When an audit is completed and a report is issued, auditees must provide the State Auditor with information regarding their progress in implementing recommendations from our reports at three intervals from the release of the report: 60 days, six months, and one year. Additionally, Senate Bill 1452 (Chapter 452, Statutes of 2006), requires auditees who have not implemented recommendations after one year, to report to us and to the Legislature why they have not implemented them or to state when they intend to implement them. Below, is a listing of each recommendation the State Auditor made in the report referenced and a link to the most recent response from the auditee addressing their progress in implementing the recommendation and the State Auditor's assessment of auditee's response based on our review of the supporting documentation.
|Recommendations to Health Care Services, Department of|
To streamline the provision of Medi-Cal services and improve its level of service, Health Care Services should conduct cost-benefit analyses to identify opportunities to remove authorization requirements or to auto-adjudicate those medical services and drugs with low denial rates, low paid claims, or high TAR administrative costs.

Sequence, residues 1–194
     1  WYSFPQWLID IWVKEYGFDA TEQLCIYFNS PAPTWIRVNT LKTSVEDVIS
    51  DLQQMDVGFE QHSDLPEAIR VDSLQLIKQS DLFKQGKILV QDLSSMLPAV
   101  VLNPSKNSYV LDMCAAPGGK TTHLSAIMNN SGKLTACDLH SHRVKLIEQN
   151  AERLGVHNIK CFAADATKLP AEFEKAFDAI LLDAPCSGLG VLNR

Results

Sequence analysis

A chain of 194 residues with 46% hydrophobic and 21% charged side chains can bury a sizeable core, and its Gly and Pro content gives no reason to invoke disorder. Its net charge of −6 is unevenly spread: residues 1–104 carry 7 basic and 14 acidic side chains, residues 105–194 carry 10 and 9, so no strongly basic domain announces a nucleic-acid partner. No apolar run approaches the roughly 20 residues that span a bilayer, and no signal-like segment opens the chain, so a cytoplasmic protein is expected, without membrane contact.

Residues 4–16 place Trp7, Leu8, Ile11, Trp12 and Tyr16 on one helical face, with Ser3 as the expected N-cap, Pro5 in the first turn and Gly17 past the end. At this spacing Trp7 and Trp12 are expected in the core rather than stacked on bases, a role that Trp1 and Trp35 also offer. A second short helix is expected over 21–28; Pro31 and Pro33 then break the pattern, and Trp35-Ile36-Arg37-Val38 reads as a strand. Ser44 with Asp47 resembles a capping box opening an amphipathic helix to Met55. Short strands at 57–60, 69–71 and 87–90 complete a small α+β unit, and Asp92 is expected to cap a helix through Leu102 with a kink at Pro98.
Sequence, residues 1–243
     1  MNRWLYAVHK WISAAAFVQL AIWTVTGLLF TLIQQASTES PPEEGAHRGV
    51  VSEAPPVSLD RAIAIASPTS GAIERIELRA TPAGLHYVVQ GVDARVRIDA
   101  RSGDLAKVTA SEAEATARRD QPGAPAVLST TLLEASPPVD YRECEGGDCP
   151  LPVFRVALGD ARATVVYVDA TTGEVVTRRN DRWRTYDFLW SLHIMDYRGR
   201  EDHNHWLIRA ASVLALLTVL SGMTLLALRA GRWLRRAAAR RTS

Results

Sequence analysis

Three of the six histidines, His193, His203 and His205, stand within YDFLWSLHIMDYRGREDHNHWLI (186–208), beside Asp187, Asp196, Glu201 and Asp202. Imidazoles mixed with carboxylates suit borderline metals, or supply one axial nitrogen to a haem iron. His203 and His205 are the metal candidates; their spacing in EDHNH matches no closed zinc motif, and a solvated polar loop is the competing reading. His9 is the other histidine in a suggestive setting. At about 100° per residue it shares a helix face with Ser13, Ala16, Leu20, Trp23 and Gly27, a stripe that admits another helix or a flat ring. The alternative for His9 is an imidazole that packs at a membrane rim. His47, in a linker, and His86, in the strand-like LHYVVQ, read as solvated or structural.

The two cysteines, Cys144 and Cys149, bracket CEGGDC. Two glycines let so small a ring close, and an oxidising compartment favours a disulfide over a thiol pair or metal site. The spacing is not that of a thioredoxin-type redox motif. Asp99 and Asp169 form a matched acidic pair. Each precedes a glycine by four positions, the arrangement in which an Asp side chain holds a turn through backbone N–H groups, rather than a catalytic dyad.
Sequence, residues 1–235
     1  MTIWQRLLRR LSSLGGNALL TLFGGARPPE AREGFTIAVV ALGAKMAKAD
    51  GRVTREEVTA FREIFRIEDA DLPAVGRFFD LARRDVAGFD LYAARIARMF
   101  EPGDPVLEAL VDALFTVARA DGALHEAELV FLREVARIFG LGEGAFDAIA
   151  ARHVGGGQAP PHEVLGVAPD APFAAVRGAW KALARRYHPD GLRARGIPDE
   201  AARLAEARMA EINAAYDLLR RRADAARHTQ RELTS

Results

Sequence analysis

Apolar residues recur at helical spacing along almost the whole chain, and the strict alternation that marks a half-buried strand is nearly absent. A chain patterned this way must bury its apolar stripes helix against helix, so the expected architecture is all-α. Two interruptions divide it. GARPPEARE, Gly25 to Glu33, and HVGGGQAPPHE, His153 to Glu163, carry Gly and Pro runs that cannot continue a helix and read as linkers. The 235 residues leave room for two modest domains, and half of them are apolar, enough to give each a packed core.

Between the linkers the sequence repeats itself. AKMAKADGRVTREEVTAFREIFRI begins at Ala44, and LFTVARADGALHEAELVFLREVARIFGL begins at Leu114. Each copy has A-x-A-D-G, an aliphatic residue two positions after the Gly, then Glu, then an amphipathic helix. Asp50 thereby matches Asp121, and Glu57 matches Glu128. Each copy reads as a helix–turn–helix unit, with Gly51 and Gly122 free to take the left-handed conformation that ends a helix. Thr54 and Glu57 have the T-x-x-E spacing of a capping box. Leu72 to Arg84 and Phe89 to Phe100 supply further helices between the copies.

To ensure that Medi-Cal recipients receive timely access to prescribed drugs, Health Care Services should abolish its policy of responding to drug TARs by the end of the next business day and should instead ensure that prior-authorization requests to dispense drugs are processed within the legally mandated 24-hour period. Alternatively, it should seek formal authorization from CMS to deviate from the 24-hour requirement, and should seek a similar modification to state law. In addition, Health Care Services should begin recording the actual time it receives paper TARs so that it can begin to measure accurately its processing times.
|Will Not Implement|
To ensure that Medi-Cal recipients are receiving timely medical services from providers, Health Care Services should start tracking prior-authorization medical TARs separately and should ensure that such TARs are processed within an average of five working days. Although state law and regulations specifically require prior authorization for certain medical services, Health Care Services generally does not require prior authorizations in practice. Consequently, Health Care Services should seek legislation to update existing laws and amend its regulations to render them consistent with its TAR practices.
|Will Not Implement|